When speaking with a client recently, the topic of pricing commercial property came up. We were talking about a property that was listed for $499,000 and had an assessment of $250,000. The client felt that the property was drastically overpriced. My response was that the property was not overpriced, but under priced. How can that be they asked? It’s offered for twice what the town feels it is worth for taxation. Isn’t that the classic definition of overpriced? Well, yes if you were talking about a home or a commercial property where the buyer the end user. Commercial properties that are leased need to be seen as investments and priced accordingly.
If you invest in the bond market (pretty scary these day) and you buy a bond for $100 that pays $2 in interest at the end of the year, then you made a whopping 2%. This is called Return on Investment (ROI) or the CAP rate. In the go go days CAP rates were 10 to 12% but CD’s were paying 4-6% as well. Nowadays if you can a CD to pay you 1% you’re doing well. We use CAP rates in the 5 to 8% range these days, but that’s still 5 to 8 times what you’ll make in a CD. So, applying this reasoning to Commercial property, we can work backwards to arrive at a price for the property. We do this buy computing the net income that the commercial property generates (rent less any expenses e.g. taxes, utilities, maintenance, etc.) and then determine what sort of investment at a rate we are willing to accept this would require. The investment amount would then be how much we could invest in the property.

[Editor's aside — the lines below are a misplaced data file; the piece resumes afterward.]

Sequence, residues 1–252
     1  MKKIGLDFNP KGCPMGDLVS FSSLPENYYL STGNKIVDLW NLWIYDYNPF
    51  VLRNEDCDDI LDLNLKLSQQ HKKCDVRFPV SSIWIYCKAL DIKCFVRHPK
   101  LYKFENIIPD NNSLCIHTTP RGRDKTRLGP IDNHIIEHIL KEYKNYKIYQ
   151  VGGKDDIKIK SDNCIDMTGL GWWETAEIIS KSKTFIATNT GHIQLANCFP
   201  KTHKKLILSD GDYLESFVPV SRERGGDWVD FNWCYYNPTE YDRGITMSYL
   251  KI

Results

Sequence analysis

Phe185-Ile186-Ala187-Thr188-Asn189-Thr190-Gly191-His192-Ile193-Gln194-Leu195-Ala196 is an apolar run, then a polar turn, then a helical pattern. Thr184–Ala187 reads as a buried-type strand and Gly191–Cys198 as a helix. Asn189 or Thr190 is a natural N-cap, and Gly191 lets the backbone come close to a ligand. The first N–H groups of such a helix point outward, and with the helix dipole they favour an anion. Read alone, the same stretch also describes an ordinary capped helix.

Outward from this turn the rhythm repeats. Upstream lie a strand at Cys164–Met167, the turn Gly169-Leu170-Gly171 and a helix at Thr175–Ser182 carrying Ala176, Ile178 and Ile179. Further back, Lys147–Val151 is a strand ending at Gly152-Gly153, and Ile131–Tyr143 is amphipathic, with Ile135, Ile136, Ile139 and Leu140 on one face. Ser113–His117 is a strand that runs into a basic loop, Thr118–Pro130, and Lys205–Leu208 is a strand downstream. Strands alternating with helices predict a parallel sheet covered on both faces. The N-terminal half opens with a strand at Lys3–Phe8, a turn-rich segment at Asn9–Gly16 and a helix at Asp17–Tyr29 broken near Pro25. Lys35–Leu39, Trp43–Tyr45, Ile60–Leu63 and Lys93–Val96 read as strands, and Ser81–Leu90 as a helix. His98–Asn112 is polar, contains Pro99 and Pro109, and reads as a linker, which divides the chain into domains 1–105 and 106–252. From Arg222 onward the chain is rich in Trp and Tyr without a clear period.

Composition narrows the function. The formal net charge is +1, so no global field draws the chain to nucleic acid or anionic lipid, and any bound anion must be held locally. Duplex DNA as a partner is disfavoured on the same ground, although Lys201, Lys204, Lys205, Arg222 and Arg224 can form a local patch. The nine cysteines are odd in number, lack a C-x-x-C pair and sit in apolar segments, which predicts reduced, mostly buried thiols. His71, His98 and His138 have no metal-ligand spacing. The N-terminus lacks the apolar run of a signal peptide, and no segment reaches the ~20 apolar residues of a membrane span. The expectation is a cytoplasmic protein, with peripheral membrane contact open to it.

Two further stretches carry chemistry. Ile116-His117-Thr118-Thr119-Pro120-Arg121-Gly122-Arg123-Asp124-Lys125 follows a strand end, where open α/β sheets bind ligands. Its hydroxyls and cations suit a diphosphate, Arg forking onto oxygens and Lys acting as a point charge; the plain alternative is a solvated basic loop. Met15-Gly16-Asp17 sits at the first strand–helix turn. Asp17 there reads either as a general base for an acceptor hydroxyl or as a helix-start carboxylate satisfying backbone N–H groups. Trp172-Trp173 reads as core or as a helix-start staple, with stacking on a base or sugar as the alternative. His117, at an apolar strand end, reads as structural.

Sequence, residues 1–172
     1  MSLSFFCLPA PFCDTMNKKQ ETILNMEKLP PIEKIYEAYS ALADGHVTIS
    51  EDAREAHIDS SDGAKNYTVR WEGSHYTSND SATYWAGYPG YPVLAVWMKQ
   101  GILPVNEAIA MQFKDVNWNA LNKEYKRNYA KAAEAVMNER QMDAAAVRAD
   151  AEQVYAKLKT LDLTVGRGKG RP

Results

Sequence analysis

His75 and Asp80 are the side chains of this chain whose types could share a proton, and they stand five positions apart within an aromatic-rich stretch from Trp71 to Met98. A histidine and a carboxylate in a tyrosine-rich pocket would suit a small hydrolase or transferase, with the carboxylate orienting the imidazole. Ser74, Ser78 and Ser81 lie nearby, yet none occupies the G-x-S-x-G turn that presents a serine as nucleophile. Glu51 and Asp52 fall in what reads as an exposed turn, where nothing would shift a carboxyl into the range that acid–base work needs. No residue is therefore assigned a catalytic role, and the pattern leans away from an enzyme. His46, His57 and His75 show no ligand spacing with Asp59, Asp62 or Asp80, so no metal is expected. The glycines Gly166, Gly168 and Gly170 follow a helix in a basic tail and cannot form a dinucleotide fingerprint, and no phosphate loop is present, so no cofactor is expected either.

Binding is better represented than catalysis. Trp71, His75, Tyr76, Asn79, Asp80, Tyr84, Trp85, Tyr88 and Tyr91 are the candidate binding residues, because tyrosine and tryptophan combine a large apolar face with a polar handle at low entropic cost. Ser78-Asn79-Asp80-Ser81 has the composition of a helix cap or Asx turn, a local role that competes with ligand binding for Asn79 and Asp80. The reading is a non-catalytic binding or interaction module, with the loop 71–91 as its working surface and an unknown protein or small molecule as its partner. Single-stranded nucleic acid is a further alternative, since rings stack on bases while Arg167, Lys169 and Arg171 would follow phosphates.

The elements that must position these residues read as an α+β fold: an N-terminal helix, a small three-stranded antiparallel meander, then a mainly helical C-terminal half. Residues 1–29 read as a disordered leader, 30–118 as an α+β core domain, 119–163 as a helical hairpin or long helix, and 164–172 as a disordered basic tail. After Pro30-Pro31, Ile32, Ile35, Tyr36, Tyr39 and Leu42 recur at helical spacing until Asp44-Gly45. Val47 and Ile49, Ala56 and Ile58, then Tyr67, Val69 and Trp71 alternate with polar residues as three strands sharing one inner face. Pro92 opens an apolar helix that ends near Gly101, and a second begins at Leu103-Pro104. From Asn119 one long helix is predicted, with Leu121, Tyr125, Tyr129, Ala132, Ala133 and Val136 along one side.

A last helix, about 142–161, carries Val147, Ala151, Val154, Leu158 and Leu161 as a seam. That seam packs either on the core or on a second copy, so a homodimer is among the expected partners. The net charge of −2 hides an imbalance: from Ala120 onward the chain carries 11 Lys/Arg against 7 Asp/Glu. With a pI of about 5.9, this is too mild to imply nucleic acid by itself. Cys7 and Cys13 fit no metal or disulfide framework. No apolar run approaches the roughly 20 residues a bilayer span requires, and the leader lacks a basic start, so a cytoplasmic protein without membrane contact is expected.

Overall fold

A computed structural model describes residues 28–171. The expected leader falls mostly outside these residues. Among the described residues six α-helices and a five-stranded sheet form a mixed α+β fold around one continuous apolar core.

Using the example above: if we know that the property is leased for $3000/mo NNN (Net, Net, Net- this means that the person leasing the building pays all the expenses on the property), the annual return (ROI) is $36,000. Now, how much would you have to invest if you knew the rate of return (CAP rate) was 5% to make $36,000 a year? Easy huh, all you math wizards know you divide the ROI ($36,000) by the CAP rate (5%) and get $720,000. This is how much you would have to invest in something/anything to achieve the desired return. $720,000 is how much the property is worth.
The property is a good deal at $499,000 and actually under priced to return our desired 5%. If all the assumptions are correct, it will generate a return of 7.2% if we buy it for $499,000. The added nicety of commercial property is that there is the chance of appreciation. I know lately this is not the case, but it is not unrealistic to expect things to improve in the future.
What can you take away from this is simple: commercial properties that are leased are investments and are priced accordingly. If you are considering investing in commercial property, do so carefully. The above example is grossly simplified and used for example only. Use a reliable broker. I’ve spent six years in commercial sales and own my own commercial properties. I can help you through the process.
I’ll deal with pricing businesses in another blog. That gets interesting.